An American man who leaked confidential details of thousands of HIV-positive people in Singapore, most of them foreigners, has been jailed in the United States for two years.
Mikhy Farrera Brochez was convicted by a Kentucky court in June for trying to extort the Singapore government using the stolen data.
The 34-year-old had obtained the data from his partner, a senior Singaporean doctor who also helped Brochez conceal his HIV-positive status to get a work permit for the city-state.
Confidential information including the names and addresses of 14,200 people diagnosed with the virus that causes AIDS was dumped online.
The leak caused anxiety among those with HIV, who have long complained of facing prejudice in socially conservative Singapore.
Brochez was sentenced to 24 months in federal prison on Friday, said a statement from the US Attorney's Office in the Eastern District of Kentucky.
"The defendant's conduct was serious and significant, affecting thousands of people across the world," said US Attorney Robert M. Duncan Jr.
The data included information on more than 50 American citizens, the statement said.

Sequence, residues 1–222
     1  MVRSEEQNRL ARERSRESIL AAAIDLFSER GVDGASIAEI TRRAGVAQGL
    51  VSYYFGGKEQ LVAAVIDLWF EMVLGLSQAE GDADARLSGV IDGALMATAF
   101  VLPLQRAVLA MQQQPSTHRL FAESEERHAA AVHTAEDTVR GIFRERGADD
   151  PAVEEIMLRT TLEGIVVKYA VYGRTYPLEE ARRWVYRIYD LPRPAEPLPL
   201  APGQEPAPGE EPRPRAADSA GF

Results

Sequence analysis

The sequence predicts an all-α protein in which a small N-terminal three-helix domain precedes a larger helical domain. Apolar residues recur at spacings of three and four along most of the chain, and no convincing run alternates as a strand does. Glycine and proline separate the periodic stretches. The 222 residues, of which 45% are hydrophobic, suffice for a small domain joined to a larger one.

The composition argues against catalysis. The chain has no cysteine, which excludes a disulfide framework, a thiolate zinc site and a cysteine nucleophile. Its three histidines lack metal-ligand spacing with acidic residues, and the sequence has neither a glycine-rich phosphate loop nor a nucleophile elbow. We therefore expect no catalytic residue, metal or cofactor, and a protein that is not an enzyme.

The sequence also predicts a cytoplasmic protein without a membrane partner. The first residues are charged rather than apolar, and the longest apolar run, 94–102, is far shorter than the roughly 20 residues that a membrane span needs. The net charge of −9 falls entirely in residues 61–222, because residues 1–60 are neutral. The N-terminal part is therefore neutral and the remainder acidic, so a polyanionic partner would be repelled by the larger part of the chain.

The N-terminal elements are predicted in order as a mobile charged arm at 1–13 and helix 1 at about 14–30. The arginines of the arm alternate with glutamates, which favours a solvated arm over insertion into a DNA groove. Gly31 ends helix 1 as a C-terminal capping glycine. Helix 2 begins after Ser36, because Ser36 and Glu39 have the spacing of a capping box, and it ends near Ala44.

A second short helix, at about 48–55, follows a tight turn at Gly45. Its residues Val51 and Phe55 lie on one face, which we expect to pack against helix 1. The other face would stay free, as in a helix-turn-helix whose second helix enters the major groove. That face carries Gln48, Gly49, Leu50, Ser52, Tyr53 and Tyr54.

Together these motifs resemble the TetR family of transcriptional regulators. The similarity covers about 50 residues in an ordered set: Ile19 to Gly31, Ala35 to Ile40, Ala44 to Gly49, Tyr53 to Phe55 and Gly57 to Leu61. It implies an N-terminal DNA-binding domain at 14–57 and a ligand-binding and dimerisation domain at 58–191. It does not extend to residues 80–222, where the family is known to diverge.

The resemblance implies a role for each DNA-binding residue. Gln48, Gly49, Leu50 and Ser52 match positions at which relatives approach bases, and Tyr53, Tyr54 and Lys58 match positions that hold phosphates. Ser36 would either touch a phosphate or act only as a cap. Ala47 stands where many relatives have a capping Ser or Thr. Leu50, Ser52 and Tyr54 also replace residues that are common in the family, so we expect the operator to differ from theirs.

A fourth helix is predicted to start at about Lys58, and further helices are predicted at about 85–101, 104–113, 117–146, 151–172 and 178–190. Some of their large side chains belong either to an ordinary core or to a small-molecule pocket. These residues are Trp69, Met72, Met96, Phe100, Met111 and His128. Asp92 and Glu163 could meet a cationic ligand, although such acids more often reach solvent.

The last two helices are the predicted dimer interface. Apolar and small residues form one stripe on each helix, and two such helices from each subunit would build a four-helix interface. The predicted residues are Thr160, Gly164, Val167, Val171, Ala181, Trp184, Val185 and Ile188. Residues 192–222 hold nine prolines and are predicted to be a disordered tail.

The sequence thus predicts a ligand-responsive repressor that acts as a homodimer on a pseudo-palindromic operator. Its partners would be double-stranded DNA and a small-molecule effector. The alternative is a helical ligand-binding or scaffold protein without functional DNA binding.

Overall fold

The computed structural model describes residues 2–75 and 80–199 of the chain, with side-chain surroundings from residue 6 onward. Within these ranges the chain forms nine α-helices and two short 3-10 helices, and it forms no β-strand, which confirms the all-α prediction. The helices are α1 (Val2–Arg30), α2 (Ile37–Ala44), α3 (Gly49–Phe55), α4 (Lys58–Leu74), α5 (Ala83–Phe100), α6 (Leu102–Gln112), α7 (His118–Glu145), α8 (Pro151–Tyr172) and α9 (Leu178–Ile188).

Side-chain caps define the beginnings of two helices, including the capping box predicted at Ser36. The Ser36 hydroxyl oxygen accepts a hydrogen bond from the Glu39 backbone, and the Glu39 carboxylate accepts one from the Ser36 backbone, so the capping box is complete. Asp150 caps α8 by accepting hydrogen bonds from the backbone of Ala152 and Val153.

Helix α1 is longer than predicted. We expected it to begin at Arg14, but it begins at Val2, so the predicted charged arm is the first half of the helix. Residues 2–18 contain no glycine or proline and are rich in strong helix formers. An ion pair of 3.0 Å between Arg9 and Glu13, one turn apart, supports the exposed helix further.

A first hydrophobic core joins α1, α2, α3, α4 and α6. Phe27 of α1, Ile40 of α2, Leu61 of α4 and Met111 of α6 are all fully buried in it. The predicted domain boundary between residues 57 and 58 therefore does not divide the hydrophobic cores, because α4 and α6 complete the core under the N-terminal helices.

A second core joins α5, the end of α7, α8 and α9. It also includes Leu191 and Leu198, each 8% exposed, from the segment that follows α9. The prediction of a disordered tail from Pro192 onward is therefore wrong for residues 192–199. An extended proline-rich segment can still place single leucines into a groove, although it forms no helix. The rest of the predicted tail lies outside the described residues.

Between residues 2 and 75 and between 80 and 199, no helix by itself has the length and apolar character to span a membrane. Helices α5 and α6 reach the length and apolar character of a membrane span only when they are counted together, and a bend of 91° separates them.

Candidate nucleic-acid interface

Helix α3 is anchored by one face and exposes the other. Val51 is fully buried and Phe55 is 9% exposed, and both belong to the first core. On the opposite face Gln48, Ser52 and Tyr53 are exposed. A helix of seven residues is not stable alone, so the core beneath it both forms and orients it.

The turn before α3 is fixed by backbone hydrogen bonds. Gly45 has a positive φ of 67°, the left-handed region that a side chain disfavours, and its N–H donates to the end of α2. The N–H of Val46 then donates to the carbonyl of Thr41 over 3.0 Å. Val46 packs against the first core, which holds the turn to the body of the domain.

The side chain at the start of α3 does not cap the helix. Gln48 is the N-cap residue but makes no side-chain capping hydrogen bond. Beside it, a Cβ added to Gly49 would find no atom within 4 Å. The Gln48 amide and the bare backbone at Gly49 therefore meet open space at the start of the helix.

Brochez will also be placed under supervision for three years after his release.
He was jailed in Singapore in 2016 for lying about his HIV status, drug-related offences and fraud.
He was deported in 2018 and then news emerged of the data leak, prompting his arrest in the US.
Trial testimony showed that Brochez emailed the data to his mother in Kentucky and retrieved the information upon his return.
Foreigners with HIV were for many years not allowed to set foot in Singapore at all.
In 2015, authorities began allowing foreigners with the virus to make short visits, but those seeking to work in Singapore must still pass a HIV test.
The data leak was the second major breach of confidential information disclosed within months, after the health records of about 1.5 million Singaporeans were stolen by hackers last year.
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